However, you should try and focus and get the job done. This will show your employer and colleagues that you are a dedicated worker and can help you get that letter of recommendation.
STEP 3: Ask for a Letter of Recommendation
A letter of recommendation can always come in handy, regardless of whether or not you work in the same field in the future. You know, a part time job is still a job, and your future employers will want to know what your old boss or manager thinks of you.
Writing a Resignation Letter
Next, you have to write your resignation letter. If you have never written one before, you might be unsure where to start. Not to worry because I have got you covered. Here are some tips that you can follow when writing your resignation letter to make sure things go smoothly.
Start with a Header
First, you need to start with a header, and it should include the delivery date, the name of the recipient, and the company’s name, address, and ZIP code. Go through your company’s policies on resignation. You may be required to address the letter to your manager or HR as well.
Declare Your Resignation
You should make the intention of the letter clearly in the first sentence. Mention that you will be resigning.
Make sure you try to send the letter at least two weeks before the day you plan to leave. Set up a definitive date for the last day of your employment. This will allow your manager some time to start preparing for your replacement.
State Your Reason for Quitting
This part is optional. If you want, you can let them know the reason for your departure. The reason can be anything such as health issues, new work opportunities, or to give more time to family.
One thing to note here is that even if you have some complaints or dissatisfaction with the company, it may not be a good idea to mention them here.
Take the time to end the letter by expressing gratitude towards your manager for the opportunity you were given. This will add more sincerity to the letter.
Add Your Signature
If it is a resignation email, typing your name at the end is enough. However, for a hard copy of the letter, sign the letter and put the typed name below.
After that, you can list your current contact information under the typed name that your manager or employer can use to reach you.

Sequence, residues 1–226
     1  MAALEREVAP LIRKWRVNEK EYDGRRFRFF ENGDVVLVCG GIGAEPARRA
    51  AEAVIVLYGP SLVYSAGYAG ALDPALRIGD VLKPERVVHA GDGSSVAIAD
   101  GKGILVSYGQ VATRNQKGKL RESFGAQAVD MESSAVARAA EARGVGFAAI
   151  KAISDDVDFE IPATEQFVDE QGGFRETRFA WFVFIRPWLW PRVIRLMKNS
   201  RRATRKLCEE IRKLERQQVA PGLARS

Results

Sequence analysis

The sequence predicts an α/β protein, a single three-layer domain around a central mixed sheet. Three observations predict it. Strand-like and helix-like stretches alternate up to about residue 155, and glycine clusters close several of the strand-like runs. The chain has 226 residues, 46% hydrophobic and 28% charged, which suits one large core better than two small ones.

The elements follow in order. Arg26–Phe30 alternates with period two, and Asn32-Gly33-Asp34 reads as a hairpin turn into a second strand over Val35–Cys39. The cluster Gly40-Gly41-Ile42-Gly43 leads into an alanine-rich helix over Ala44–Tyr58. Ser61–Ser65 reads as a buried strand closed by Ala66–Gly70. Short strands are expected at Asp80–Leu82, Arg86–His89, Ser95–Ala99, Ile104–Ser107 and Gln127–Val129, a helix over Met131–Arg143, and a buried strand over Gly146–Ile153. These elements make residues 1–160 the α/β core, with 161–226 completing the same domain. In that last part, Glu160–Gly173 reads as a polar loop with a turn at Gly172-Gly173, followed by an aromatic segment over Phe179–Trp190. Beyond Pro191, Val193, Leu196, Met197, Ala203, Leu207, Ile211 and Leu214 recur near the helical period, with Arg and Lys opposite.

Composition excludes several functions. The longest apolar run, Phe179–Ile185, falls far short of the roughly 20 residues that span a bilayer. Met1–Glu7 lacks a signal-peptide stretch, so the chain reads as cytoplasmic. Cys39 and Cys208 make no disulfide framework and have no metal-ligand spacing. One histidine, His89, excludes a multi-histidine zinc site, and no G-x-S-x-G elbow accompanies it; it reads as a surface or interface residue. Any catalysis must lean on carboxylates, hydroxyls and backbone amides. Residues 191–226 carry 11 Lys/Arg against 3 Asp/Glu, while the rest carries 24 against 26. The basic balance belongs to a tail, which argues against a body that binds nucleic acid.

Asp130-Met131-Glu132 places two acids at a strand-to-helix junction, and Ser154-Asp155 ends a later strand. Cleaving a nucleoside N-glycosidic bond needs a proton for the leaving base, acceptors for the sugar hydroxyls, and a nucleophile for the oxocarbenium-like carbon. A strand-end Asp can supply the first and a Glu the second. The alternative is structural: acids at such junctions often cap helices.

Sending the Resignation Letter
There are different ways you can send the letter, depending on your working situation. If you work remotely, you can email the letter to your manager, making sure to mention that you will be resigning in the subject section. Also, make sure that you include your name as well.
This way, they are likely to open and read the email earlier. For whatever reason, whether the email got lost or any other reason, if you do not get a response in time, you can call your supervisor or manager to let them know of the email.
However, if you work in a traditional office environment, it is better that you do it in person. All you need to do is give your manager the letter when or after telling them that you will be resigning.
Train Your Replacement
This one is optional, but it can help out your employer a great deal. You can choose to train your replacement in the two weeks before you take your leave. This will help with the transition, and your manager will surely appreciate it.
Jobs come with responsibilities, and as important as it is to work with dedication, you should also quit the job with grace. Quitting a part time job can feel overwhelming, especially if this is your first job. However, I believe these steps will make the whole thing easier for you.
Make sure to avoid the mistakes mentioned above. This is a pretty small world; make sure not to burn your bridges while you do so. Whatever you do, do it professionally and with grace, and your employer and colleagues will surely remember that and may even help you out in your career in the future.
I hope you found this article for how to quit a part time job helpful, and it will allow you to handle the process smoothly. Good luck on your next journey!